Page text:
Community banks are facing a unique set of challenges when determining business strategy. High interest rates have led to reduced loan demand, and while this has caused bankers to reconsider their priorities and budgets, long withstanding issues of talent shortages and industry disruptors vying for market share still demand attention.

Although it’s tempting to overlook these concerns during high-demand periods, this slowdown presents an opportunity to evaluate and optimize processes.

It’s a lot of pressure to solve existing industry challenges and stay competitive with economic uncertainty and shifting consumer habits. Ensuring banking operations and processes are running as efficiently and seamlessly as possible can help community institutions emerge from a downturn stronger than ever. Here are some recommendations on where to start.

Reinforce Your Foundation

In a volatile market, business strategies usually take a “defense” approach--lowering credit risk in underwriting, reevaluating new product offerings, and optimizing staff. Before jumping into defense mode, institutions should instead start by evaluating their lending foundation and whether they are ready to build on top of it.

During a NASCAR race, maintenance is necessary to win, but drivers don’t try to change their tires and refuel while driving at full speed. They have to take a pit stop. This period of slowed loan growth is an opportune time for that pit stop--prioritize building a solid foundation, optimizing structural processes, and getting operations, credit admin, and loan ops teams running smoothly. Only then will it be effective to start layering technology where needed.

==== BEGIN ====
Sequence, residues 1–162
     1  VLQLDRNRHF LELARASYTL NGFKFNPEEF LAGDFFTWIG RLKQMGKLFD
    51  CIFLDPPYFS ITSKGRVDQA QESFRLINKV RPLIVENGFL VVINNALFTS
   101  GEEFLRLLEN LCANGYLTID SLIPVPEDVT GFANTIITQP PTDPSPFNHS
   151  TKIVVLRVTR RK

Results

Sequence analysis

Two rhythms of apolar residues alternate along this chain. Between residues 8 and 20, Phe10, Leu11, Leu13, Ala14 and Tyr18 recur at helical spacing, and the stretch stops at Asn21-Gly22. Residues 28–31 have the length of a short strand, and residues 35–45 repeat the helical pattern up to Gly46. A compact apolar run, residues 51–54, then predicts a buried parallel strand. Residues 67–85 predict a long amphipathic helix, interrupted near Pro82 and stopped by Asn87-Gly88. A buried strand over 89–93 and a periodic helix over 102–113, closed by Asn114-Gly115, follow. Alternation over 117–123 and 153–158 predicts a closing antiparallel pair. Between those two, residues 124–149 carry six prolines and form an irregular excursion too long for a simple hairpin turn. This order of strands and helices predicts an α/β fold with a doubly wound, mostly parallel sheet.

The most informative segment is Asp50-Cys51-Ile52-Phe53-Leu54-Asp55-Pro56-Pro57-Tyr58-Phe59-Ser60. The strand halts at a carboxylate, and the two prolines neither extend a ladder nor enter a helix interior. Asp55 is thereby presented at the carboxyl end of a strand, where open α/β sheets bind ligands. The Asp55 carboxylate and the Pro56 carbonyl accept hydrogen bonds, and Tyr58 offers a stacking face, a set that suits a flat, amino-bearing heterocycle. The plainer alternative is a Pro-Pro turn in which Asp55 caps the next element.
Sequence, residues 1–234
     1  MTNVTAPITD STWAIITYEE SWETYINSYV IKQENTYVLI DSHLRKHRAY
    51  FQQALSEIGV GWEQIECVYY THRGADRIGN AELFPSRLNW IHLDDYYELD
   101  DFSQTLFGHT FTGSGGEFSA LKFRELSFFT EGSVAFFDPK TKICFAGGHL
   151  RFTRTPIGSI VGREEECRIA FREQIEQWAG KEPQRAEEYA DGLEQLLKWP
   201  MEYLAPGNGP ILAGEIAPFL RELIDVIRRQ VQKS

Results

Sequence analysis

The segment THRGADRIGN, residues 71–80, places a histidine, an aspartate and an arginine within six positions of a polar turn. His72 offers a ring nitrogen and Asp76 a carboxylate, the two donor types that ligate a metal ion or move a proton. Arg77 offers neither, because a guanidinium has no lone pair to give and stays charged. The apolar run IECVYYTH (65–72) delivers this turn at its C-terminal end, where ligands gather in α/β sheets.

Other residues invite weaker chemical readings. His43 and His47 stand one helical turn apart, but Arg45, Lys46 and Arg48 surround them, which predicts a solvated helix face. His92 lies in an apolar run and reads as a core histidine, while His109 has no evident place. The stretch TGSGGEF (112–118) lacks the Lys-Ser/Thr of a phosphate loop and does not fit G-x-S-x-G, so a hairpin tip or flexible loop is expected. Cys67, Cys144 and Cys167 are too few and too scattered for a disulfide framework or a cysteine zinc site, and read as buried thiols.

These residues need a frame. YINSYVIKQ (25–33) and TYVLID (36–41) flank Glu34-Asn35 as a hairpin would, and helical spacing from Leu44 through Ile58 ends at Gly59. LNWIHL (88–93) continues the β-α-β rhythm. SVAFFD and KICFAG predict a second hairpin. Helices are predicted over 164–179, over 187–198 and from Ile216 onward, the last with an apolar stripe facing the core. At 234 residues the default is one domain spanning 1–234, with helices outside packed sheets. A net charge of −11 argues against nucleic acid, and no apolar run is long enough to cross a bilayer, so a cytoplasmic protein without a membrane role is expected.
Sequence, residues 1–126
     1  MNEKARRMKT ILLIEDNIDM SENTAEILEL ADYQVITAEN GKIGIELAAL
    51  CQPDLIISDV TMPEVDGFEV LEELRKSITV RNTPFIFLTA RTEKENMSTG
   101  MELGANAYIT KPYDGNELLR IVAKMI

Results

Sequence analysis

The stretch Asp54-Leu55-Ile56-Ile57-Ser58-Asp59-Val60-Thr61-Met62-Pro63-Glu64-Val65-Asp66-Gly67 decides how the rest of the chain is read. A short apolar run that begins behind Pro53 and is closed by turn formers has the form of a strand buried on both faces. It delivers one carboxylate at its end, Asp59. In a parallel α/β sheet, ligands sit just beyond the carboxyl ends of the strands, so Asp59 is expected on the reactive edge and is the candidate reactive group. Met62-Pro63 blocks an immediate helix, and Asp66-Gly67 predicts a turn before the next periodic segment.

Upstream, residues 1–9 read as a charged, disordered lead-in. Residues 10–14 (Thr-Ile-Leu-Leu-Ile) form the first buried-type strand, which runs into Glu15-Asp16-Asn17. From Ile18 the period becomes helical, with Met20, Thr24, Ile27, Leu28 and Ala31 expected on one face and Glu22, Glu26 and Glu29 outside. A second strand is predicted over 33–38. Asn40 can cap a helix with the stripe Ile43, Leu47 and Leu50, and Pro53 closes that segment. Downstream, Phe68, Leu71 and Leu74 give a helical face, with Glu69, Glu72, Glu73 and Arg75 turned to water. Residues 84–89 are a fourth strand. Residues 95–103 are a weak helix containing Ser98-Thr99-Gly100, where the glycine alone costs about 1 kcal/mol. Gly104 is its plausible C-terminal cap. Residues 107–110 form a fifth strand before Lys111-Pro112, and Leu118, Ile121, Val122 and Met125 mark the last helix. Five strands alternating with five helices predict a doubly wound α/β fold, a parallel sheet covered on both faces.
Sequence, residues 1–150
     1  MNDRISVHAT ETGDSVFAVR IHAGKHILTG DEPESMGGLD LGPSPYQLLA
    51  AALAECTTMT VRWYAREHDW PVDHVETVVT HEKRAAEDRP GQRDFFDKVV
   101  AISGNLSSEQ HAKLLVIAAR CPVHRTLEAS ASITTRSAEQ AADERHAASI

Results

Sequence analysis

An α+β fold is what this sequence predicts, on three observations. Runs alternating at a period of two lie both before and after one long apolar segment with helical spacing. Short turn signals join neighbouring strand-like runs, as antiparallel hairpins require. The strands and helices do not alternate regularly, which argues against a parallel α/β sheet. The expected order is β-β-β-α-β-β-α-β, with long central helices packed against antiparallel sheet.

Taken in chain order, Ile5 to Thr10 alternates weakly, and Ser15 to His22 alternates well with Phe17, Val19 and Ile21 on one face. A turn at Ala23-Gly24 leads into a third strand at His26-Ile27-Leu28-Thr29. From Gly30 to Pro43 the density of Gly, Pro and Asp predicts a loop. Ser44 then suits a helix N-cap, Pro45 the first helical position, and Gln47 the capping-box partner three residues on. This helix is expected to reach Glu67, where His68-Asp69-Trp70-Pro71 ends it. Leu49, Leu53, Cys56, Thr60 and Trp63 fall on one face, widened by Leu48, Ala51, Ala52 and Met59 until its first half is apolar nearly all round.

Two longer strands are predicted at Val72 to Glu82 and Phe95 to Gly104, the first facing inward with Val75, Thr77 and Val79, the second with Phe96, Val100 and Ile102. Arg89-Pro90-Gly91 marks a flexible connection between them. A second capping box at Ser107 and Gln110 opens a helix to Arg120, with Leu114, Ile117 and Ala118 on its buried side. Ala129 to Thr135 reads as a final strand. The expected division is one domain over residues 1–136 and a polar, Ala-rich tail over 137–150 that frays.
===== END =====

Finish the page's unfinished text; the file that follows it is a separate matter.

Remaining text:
Institutions are often purchasing technology to fix a symptom and not the root cause. Gaining a clear pulse on processes and operations at the foundational level will help determine where the biggest pain points lie and which solutions to prioritize.

Think Holistically When Looking into Tech

When exploring new technology and partnerships, it’s easy to get dazzled by flashy new tools and lose focus on long-term goals. It’s crucial to evaluate how a tool will impact both front-end and back-end processes and if your foundation is solid enough to get the tool up and running smoothly. 

Any solution you choose should integrate smoothly into existing processes and systems. If an institution purchases a new LOS, for example, that streamlines front-end processes like onboarding and loan origination, but they haven’t built the back-end foundation that can handle this type of tool or the volume it will generate, the bank could unintentionally create new challenges and inefficiencies. It’s like buying a new Ferrari but keeping the engine from your ’95 Corolla in it--the user experience is now clunky and inconsistent.

It’s also key that banks identify the right partner. How the vendor works with the bank is as important as the technology itself. While institutions often have a checklist for desired features and capabilities, few inquire about the vendor’s implementation support and rollout plans. In a good partnership fit, the vendor understands your bank, change management, and collaborative efforts to effectively launch new technology. 

Community banks have proven their resiliency time and again. By taking advantage of the opportunity this slowed loan growth affords, community institutions can ensure their foundation and structural processes are optimized for success in all market conditions.

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